Stanford Researchers Create New AI Camera for Faster Image Classification
【Summary】Researchers at Stanford University have created a new type of AI-powered camera that can used for much faster image classification. The promising technology is well-suited for use in autonomous cars that use cameras to identify other vehicles, pedestrians and bicyclists.
Researchers at Stanford University have created a new type of AI-powered camera that can used for much faster image classification. The promising technology is well-suited for use in autonomous cars that use cameras to identify other vehicles, pedestrians and bicyclists. The research was sponsored in part by the National Science Foundation.
The researchers devised a new type of artificially intelligent camera system that can classify images faster and more energy efficiently, and that could one day be built small enough to be embedded in the devices themselves, something that is not possible today. The work was recently published in Nature Scientific Reports.
The image recognition technology that underlies today's driverless cars is dependent on artificial intelligence, using computers that essentially teach themselves to recognize objects like cars, pedestrians crossing the street or bicyclists.
A challenge for autonomous car development is that the computers running the artificial intelligence algorithms are currently too large and slow for future applications, such as small handheld devices. They also are very power hungry, making them impractical to embed into a smaller device.
"That autonomous car you just passed has a relatively huge, relatively slow, energy intensive computer in its trunk," said Gordon Wetzstein, an assistant professor of electrical engineering at Stanford, who led the research. Future applications will need something much faster and smaller to process the stream of images, he said.
Wetzstein, along with Julie Chang, a graduate student and first author on the paper, took a step toward that technology by combining two types of computers into one, creating a ‘hybrid optical-electrical computer' designed specifically for image analysis.
The hybrid optical-electrical camera classifies the images in a two step process. The first layer of the prototype camera is a type of optical computer, which does not require the power-intensive mathematics required by digital computing. The second layer is a traditional digital electronic computer.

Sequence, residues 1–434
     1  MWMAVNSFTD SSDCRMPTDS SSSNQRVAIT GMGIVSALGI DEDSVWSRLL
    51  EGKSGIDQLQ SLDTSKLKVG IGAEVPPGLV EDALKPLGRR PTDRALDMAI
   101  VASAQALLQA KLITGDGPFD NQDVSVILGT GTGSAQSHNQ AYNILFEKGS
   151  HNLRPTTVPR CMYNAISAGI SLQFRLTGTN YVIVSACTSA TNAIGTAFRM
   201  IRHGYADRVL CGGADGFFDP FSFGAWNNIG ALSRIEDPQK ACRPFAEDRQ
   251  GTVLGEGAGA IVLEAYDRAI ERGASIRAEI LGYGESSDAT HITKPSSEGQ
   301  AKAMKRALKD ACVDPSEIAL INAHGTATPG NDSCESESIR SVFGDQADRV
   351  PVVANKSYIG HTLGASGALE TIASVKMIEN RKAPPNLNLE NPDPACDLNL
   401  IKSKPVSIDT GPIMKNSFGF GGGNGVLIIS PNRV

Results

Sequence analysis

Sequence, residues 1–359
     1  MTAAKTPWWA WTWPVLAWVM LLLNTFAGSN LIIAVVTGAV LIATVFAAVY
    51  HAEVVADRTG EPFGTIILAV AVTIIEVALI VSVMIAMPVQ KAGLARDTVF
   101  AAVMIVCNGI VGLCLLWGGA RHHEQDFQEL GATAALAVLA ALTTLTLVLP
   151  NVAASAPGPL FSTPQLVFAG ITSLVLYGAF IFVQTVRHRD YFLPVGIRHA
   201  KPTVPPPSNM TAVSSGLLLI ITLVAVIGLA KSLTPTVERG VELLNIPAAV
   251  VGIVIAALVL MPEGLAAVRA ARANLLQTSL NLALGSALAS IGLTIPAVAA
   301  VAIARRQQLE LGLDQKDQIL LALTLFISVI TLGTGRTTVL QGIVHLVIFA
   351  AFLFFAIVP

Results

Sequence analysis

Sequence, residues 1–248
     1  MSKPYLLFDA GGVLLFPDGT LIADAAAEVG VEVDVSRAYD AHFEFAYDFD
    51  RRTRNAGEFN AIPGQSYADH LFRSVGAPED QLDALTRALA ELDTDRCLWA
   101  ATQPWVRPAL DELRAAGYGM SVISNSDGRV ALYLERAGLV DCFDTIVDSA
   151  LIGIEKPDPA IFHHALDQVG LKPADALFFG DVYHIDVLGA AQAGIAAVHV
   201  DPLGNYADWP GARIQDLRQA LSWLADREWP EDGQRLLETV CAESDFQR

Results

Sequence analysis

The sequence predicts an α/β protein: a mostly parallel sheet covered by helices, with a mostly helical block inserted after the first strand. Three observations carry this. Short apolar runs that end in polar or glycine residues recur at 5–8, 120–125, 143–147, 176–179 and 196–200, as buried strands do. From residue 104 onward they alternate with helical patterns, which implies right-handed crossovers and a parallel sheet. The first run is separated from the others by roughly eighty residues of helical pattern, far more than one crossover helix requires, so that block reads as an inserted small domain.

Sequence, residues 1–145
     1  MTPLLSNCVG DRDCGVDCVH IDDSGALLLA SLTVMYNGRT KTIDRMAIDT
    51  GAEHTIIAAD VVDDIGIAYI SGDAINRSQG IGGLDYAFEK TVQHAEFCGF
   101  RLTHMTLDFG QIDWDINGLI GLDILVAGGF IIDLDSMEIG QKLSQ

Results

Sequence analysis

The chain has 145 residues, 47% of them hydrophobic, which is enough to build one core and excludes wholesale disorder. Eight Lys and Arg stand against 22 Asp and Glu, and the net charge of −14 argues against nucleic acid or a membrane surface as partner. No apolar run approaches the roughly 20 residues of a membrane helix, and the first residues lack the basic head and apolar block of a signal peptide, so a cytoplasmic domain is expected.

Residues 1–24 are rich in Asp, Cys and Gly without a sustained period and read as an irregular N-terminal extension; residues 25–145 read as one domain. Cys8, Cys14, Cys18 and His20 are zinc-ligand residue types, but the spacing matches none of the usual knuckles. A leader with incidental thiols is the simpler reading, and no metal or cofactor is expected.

The optical or computer vision layer, operates by physically preprocessing image data from the camera, filtering it in multiple ways that an electronic computer would otherwise have to do mathematically using algorithms.
This filtering happens naturally, as light passes through the custom optics, therefore it operates with zero input power. This saves the hybrid system time and energy that would otherwise be consumed by computation.
"We've outsourced some of the math of artificial intelligence into the optics," Chang said to Stanford News.
The process is much more efficient. It uses very little computing resources, with significantly fewer calculations, fewer calls to memory, in far less time to complete the process. Having leapfrogged these power consuming preprocessing steps, the remaining image analysis proceeds to the digital computer layer with a considerable amount of processing already complete.
"Millions of calculations are circumvented and it all happens at the speed of light," Wetzstein said. Wetzstein is a member of Stanford Bio-X and the Stanford Neurosciences Institute.
Rapid decision-making for autonomous cars
In speed and accuracy, the prototype built by the team at Standord rivals existing electronic-only computing processors that are programmed to perform the same calculations, but with substantial computational cost savings.
While their current prototype is bulky when arranged on a lab bench, the researchers said their system can one day be miniaturized to fit in a handheld video camera or even an aerial drone.
In both simulations and real-world experiments, the team used the system to successfully identify airplanes, automobiles, cats, dogs and more within natural image settings.
"Some future version of our system would be especially useful in rapid decision-making applications, like autonomous vehicles," Wetzstein said.
In addition to shrinking the prototype, Wetzstein, Chang and their Stanford colleagues at the Stanford Computational Imaging Lab are now looking at ways to make the optical layer do even more of the preprocessing.
Eventually, their smaller, faster technology could replace the trunkful of bulky computer hardware now used to help autonomous cars, drones and other technologies learn to recognize objects in the world around them.
Other co-authors include Stanford doctoral candidate Vincent Sitzmann and two researchers from King Abdullah University of Science and Technology, Saudi Arabia.
Originally from New Jersey, Eric is an automotive and technology reporter specializing in the high-tech industry in Silicon Valley. Eric has over fifteen years of automotive experience and a B.A. in computer science. These skills, combined with technical writing and news reporting, allows him to fully understand and identify new and innovative technologies in the automotive industry and beyond. He has worked on self-driving cars and as a technical writer, helping people to understand and work with technology. Outside of work, Eric likes to travel to new places, play guitar, and explore the outdoors.
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